New drugs for cancer
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New Drugs Brings Hope to Cancer Patients
This is an exciting time in cancer research. Recent information on angiogenesis -- the growth of new blood vessels -- is providing researchers opportunities to find new ways to slow or stop a tumor's growth by cutting off the blood supply it needs.
Angiogenesis performs a critical role in the development of cancer. To grow, solid tumors need oxygen and nutrients provided by new blood vessels. Once a vascular network has been generated, cancer cells can also invade the rest of the body, a process called metastasis. Currently, researchers believe that more than 90 percent of all cancer cases are angiogenesis-dependent.
The good news is that a novel class of drugs, which acts as angiogenesis inhibitors, shows great potential in fighting more than 20 different diseases, including many types of cancer.
These "anti-angiogenesis" drugs being developed and tested block the formation of new blood vessels, starving cancerous cells and stopping tumor growth. One drug being tested, Neovastat, was discovered in 1994 and is derived from cartilage tissue. Neovastat is the only angiogenesis inhibitor being developed in the biotechnology and pharmaceutical universe that has four mechanisms of action to combat blood vessel growth. Furthermore, Neovastat is taken orally, making it convenient for patients who need long-term treatment, and it has shown minimal side effects in clinical trials. This means that unlike standard chemotherapy, Neovastat is not likely to interfere with a patient's immune system, or cause adverse gastrointestinal symptoms or hair loss.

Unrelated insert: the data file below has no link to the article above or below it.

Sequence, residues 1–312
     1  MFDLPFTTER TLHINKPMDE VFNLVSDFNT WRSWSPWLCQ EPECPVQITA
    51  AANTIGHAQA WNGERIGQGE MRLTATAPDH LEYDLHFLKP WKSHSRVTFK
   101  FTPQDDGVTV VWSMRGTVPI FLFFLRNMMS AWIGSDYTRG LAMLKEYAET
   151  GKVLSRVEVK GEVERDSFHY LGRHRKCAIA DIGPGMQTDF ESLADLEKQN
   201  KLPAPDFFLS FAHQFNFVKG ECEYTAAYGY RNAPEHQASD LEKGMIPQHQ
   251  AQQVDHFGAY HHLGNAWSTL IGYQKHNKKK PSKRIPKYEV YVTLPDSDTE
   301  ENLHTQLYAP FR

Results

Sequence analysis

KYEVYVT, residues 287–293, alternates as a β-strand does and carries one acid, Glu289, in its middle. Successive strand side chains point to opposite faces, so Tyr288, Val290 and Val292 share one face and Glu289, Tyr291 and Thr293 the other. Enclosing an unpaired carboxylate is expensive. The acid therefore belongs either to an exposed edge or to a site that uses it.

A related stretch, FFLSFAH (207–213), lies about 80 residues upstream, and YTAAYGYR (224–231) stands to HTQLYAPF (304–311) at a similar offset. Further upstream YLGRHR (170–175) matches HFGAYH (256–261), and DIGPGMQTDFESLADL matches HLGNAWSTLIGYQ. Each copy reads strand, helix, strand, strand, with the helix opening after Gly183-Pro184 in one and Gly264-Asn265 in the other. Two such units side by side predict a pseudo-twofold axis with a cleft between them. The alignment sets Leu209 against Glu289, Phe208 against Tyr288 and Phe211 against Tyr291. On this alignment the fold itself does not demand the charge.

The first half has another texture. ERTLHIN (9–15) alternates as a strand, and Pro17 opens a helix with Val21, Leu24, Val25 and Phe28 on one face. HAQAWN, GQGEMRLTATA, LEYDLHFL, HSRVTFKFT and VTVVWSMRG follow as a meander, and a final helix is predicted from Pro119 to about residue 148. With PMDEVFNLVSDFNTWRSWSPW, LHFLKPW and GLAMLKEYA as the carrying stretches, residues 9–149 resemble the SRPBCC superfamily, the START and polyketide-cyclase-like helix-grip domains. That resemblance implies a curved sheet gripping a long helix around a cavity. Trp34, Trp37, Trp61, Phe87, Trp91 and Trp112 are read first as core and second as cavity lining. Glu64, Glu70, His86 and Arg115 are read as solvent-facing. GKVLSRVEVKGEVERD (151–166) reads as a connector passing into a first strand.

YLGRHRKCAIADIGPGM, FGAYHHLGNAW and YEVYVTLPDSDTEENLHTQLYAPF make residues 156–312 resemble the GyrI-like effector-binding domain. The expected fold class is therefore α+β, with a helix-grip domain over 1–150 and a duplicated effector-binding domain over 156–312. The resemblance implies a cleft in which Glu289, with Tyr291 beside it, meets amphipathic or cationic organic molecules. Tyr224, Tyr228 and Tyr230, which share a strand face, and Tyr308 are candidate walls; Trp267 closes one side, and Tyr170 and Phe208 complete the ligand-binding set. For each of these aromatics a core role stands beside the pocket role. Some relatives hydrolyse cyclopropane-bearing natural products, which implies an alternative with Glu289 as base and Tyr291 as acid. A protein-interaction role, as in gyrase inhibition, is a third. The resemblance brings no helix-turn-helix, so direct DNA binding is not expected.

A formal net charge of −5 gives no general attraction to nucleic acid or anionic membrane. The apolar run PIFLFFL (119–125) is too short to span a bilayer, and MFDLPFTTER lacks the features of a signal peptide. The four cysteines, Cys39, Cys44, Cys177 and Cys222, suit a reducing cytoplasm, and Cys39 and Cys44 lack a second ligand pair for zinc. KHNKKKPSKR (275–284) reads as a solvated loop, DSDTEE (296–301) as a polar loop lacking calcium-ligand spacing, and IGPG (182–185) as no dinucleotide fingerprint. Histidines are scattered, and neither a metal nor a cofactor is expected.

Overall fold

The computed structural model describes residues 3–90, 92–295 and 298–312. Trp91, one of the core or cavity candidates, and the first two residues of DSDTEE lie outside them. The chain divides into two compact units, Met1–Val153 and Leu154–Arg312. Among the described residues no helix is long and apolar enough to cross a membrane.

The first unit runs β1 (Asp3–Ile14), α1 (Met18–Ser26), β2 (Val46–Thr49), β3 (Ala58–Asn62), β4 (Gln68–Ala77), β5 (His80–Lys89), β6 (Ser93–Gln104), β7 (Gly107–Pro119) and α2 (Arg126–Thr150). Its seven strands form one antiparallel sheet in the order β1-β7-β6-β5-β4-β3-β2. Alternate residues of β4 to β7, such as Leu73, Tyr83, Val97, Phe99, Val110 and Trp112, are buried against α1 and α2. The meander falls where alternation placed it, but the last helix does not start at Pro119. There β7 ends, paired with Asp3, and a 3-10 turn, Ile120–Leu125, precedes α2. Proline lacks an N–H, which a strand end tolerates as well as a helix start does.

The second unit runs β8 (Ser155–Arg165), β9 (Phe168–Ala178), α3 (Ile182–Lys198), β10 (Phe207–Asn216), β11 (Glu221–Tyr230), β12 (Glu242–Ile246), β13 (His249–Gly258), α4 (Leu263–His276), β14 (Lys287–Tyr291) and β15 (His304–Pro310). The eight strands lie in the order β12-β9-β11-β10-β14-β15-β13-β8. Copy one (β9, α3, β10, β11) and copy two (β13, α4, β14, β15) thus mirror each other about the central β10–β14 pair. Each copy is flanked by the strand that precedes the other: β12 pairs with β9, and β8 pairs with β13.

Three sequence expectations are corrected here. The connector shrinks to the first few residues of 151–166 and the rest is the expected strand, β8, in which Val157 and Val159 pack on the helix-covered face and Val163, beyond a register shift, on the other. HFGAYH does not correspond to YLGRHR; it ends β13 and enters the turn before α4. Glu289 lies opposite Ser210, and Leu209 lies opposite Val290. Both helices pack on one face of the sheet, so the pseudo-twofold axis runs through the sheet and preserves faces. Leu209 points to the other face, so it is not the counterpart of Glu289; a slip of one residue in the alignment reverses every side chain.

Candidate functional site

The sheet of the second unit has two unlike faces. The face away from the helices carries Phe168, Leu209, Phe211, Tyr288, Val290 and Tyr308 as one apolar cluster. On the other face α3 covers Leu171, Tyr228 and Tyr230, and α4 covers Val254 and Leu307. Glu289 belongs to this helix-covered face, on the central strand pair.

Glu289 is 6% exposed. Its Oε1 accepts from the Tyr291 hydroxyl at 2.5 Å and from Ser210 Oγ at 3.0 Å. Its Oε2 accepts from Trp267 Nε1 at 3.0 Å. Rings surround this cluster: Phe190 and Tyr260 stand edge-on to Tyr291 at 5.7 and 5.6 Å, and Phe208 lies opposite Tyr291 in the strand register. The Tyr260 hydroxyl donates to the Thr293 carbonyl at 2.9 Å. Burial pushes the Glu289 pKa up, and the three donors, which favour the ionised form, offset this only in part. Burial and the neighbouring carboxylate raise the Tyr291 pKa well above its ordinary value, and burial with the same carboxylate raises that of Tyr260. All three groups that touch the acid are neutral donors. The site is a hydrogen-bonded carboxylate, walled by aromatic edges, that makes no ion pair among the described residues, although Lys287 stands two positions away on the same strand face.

In addition, because most cancer cells are genetically unstable and more prone to mutations, resistance is a major problem with many chemotherapy agents. But since anti-angiogenesis drugs target normal endothelial cells that are not genetically unstable, drug resistance is less likely to develop and has not been a problem so far in clinical trials.
Another hope is that angiogenesis inhibitors can be used in combination with therapies that directly target tumor cells. Because anti-angiogenic drugs and chemotherapy are aimed at different cellular targets, it is possible that the combination will prove even more effective than either therapy is as a stand-alone.
Currently, Neovastat is the subject of three clinical trials, targeting three forms of cancer for which there are urgent needs for new therapies. For multiple myeloma, the second most common form of blood cancer, the drug is in phase two trials with 125 patients in the United States, Canada and Europe. This trial should be completed by the end of 2002. For progressive renal cell carcinoma, the drug is in phase three trials with 280 patients in the United States, Canada and Europe, which should be completed in early 2003. For non-small cell lung cancer, Neovastat is in a phase three trial sponsored by the National Cancer Institute with 760 patients in the United States and Canada. This trial should be completed in 2005.
Once the clinical trials are complete, health authorities in various countries can then assess test results and make decisions on approval.
Neovastat is being developed by Aeterna Laboratories of Quebec, Canada. For more information about current trials, call (888) 349-3232. If you are an oncologist, contact Claude Hariton, PhD, vice president of Clinical and Regulatory Affairs, (418) 652-8525, Ext. 306.
To learn more about anti-angiogenesis and Aeterna Laboratories, visit the Aeterna Web site at www.aeterna.com. For more information about the NCI's clinical trials, visit http://cancertrials.nci.nih.gov.
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